End cap 16, shown in FIGS. 1, 2 and 4 is used for securing the plug 38 to the tubular member 14. A channel 62 is formed in the end cap 16 and is open to a first end 64 of end cap 16. Passageway 66 extending through end cap 60 enlarges at a second end 68 forming a shoulder 70. As seen in FIG. 2, passageway 66 is sized to accommodate the plug 38 with a friction fit. Segment 26 extends into the passageway 66 contacting shoulder 48 with shoulder 70. Segment 26 extends into an interior passageway 72 formed in an inner bead 73 of tubular member 14. The plug bore 40 enables it to be compressed to insure a tight fit. The outer covering 76 of tubular member 14 is press fit into channel 62 of end cap 16. An adhesive may be used in channel 62 to create a water tight seal.
Tubular collet lock 20 surrounds the collet 46 as seen in FIGS. 1 and 2. Its first opening 74 at its first end 76 contains a rim 78. Opening 74 is slightly larger than the exterior perimeter of segment 30, allowing it to be slid along the perimeter of segment 30. Rim 78 forms an interior shoulder 80. An exterior shoulder 82 is formed on end second 84 of the collet lock. As seen in FIG. 2, the first opening 74 is positioned over segment 30. The collet lock opening 74 slides between the end cap 16 and shoulder 50. The collet lock 20 has a tapered cross-sectional area. Second end 84 is larger than its first end 76. However, the collet lock taper is less than the taper of segment 32 over which the collet lock 20 slides.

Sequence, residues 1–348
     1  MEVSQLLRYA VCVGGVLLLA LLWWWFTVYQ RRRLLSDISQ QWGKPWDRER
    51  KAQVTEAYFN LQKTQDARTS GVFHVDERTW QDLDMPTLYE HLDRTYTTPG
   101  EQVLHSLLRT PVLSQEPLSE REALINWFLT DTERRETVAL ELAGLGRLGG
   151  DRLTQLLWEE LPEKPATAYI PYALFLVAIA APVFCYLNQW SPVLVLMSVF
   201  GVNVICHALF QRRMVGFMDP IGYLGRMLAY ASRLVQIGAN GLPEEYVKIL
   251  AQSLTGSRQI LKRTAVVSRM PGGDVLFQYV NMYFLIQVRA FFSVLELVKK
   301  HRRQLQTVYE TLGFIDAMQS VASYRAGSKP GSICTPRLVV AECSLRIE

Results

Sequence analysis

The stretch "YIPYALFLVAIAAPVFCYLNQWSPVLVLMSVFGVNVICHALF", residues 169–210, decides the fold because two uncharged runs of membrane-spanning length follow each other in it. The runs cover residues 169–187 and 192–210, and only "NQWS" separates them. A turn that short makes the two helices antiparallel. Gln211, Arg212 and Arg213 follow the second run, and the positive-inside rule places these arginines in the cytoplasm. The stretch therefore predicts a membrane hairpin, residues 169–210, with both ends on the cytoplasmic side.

Turning now to FIG. 6, collet sleeve 24 has a first end 88 which is inserted with a friction fit into the collet bore 42 and contacts shoulder 52. The collet sleeve has two longitudinal slots 92 and 94 oriented opposite each other. The slots 92 and 94 extend approximately half way along the length of the sleeve 24 from its second end 96 towards the first end 88 and are open to the sleeve 24 interior. The second end 96 includes an exterior rim 98. When the sleeve 24 is inserted into collet bore 42, rim 98 contacts the outer edge 100 of the collet 46. The sleeve 24 does not have a taper.